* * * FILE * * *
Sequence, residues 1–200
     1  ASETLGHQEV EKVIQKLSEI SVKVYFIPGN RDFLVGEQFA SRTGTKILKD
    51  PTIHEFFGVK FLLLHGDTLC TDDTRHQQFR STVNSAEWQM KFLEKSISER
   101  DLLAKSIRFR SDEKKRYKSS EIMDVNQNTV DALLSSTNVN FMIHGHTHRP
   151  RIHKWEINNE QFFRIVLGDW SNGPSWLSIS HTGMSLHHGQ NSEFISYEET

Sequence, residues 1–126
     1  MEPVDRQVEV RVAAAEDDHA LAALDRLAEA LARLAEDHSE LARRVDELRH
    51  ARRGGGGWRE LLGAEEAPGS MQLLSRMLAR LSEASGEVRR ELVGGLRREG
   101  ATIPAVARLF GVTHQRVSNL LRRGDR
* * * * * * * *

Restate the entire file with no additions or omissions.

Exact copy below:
Sequence, residues 1–200
     1  ASETLGHQEV EKVIQKLSEI SVKVYFIPGN RDFLVGEQFA SRTGTKILKD
    51  PTIHEFFGVK FLLLHGDTLC TDDTRHQQFR STVNSAEWQM KFLEKSISER
   101  DLLAKSIRFR SDEKKRYKSS EIMDVNQNTV DALLSSTNVN FMIHGHTHRP
   151  RIHKWEINNE QFFRIVLGDW SNGPSWLSIS HTGMSLHHGQ NSEFISYEET

Sequence, residues 1–126
     1  MEPVDRQVEV RVAAAEDDHA LAALDRLAEA LARLAEDHSE LARRVDELRH
    51  ARRGGGGWRE LLGAEEAPGS MQLLSRMLAR LSEASGEVRR ELVGGLRREG
   101  ATIPAVARLF GVTHQRVSNL LRRGDR